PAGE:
Jake Rossen's piece on the top stories of the decade included this double bummer:
4 Mark Kerr
Sports from basketball to boxing have had the benefit of provocative documentaries made about their personalities: it's impossible to view collegiate athletics -- and the passing smoke of NBA potential -- quite the same after "Hoop Dreams," and it's difficult to fully understand Ali's cultural imprint without a viewing of "When We Were Kings."
It's far from perfect, but John Hyams' "Smashing Machine," which premiered on HBO in January 2001, was the first sternly critical look of what men do in order to compete at the highest levels of violent spectacle. Mark Kerr, who had been feared in Brazil, the U.S. and Japan for years, trusted Hyams enough to bare his soul for cameras. He shot in painkillers, collapsed in emotional agony after losses and eventually found himself near-comatose in a hospital bed, sobbing as friends begged him to stop polluting his body with under-the-counter courage. "Machine" was the first real proof this sport would make its share of monsters.
The Smashing Machine - The Life and Times of Extreme Fighter Mark Kerr documentary had a near devastating effect on me as an MMA fan. Even though I'd generally rooted for Brazilian Jiu Jitsu fighters over wrestlers (back when that kind of thing seemed to matter), I had been in awe of Mark Kerr and really expected him to be a dominant force in MMA for years to come.
The fact that he trained with Bas Rutten and Ricco Rodriguez in one of the first training camps to really bring elite practioners of complementary disciplines together made me think of Kerr as a thinking man's fighter. Sadly, his real life was anything but disciplined. The stew of PED's and opiates he ingests on camera in made me feel really dirty for being a fan of MMA.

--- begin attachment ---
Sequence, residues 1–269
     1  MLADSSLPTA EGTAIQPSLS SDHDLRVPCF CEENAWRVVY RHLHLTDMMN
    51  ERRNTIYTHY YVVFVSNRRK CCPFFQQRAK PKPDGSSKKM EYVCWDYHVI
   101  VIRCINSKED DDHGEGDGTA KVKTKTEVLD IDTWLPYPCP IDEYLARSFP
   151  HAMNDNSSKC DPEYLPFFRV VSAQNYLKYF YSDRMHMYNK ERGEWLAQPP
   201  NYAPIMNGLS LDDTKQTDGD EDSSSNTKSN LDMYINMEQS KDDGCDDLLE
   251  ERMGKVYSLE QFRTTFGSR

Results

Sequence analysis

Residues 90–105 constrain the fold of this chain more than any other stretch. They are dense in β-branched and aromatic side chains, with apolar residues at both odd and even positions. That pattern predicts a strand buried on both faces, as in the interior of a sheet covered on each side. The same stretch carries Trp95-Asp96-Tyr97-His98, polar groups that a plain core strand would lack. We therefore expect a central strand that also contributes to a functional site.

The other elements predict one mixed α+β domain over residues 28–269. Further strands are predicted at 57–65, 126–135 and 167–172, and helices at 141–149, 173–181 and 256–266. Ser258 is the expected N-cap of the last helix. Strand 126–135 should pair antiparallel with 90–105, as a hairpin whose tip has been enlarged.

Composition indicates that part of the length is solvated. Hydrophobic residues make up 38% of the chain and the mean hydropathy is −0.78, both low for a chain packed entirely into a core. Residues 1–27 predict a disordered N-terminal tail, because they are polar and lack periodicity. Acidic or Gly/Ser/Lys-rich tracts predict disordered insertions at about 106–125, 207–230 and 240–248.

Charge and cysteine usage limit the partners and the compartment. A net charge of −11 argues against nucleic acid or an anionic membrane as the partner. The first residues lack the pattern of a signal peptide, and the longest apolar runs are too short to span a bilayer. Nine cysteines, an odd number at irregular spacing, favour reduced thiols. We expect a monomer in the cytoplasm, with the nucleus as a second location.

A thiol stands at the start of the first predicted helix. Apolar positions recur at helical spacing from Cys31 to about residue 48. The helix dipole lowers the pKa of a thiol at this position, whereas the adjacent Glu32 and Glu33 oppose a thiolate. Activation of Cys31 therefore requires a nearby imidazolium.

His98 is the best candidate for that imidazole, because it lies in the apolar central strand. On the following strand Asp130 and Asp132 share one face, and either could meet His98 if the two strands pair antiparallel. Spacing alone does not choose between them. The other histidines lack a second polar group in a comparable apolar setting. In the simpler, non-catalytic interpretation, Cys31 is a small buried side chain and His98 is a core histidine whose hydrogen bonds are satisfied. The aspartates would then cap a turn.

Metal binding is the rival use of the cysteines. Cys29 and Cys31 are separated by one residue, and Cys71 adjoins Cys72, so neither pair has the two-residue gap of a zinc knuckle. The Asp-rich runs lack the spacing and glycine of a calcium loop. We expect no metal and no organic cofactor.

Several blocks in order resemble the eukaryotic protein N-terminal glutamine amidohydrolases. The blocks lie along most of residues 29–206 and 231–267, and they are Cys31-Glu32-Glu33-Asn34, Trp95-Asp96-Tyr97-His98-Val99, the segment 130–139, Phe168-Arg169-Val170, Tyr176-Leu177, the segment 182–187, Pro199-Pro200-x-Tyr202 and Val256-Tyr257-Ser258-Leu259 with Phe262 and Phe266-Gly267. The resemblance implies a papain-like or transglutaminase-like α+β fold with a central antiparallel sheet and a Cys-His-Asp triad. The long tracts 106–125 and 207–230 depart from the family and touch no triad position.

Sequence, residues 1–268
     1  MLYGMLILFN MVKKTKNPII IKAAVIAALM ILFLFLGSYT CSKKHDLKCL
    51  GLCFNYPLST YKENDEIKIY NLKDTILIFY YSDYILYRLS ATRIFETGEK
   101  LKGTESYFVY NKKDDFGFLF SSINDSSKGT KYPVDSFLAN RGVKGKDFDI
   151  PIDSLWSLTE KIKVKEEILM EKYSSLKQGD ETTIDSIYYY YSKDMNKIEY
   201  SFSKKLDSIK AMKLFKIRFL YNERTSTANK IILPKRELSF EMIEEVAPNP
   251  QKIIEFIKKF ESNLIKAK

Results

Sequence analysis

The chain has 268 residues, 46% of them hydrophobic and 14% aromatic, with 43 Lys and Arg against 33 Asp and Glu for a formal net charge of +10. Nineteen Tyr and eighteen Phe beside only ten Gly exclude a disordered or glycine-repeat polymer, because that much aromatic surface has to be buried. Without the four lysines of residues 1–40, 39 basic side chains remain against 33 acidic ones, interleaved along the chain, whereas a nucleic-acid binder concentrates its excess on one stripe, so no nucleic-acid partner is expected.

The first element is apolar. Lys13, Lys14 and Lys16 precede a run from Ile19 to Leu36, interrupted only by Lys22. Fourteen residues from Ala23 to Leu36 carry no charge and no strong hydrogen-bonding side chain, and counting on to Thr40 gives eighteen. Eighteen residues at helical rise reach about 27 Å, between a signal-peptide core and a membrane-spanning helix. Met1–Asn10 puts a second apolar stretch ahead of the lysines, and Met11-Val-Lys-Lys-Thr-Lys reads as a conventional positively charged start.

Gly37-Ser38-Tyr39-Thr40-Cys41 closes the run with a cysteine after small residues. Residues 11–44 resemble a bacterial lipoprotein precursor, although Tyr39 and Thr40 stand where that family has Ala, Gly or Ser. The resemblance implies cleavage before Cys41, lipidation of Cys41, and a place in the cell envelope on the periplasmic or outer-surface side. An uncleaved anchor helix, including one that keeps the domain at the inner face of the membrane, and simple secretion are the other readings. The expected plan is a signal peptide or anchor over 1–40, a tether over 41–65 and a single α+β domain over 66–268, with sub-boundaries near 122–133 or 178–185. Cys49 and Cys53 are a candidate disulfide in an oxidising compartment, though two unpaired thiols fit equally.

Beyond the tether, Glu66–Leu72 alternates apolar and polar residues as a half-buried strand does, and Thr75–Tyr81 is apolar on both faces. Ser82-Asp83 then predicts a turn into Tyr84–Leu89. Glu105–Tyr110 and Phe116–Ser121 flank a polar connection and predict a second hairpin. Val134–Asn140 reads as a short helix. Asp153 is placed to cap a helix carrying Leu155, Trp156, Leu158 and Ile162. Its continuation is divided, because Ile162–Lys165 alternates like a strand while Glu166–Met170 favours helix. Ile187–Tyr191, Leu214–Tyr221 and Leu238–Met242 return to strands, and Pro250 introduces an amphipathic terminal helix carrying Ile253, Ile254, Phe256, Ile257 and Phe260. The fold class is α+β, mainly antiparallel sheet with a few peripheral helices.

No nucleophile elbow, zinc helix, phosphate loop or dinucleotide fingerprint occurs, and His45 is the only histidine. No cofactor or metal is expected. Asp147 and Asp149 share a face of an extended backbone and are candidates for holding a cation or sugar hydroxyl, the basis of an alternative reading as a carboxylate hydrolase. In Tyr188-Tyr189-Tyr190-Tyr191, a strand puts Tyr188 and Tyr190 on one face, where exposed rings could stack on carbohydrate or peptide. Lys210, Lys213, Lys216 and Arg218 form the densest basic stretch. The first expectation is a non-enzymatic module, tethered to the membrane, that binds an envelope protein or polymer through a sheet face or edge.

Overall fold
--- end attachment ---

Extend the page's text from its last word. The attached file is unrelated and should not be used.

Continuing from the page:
From the vantage point of 2009, it's hard to believe that to a man, those who were serious MMA fans in the late 1990's thought that Mark Kerr was the most fearsome fighter in the world and the one most likely to tear a devastating path through the MMA jungle for many years. The unlikely come-back of Mark Coleman in the same PRIDE Open Grand Prix where Mark Kerr met his downfall against Fujita was not something many expected. And no one expected Randy Couture's repeated phoenix-like rise from the ashes. Those two fighters are set to co-main event a UFC in 2010 while Mark Kerr was long-ago reduced to minor show opponent status. Sad to see.
Video preview of the movie in the full entry if you haven't seen it. It's really a must.
Historically, the story of Mark Kerr and The Smashing Machine isn't just about the tragedy and continuing impact of the pressure that drives fighters to abuse drugs in an effort to win at all costs, it's also one of the first instances of really quality creative work that used MMA as a basis. There have been other very good MMA documentaries, but The Smashing Machine was the first and blazed the path.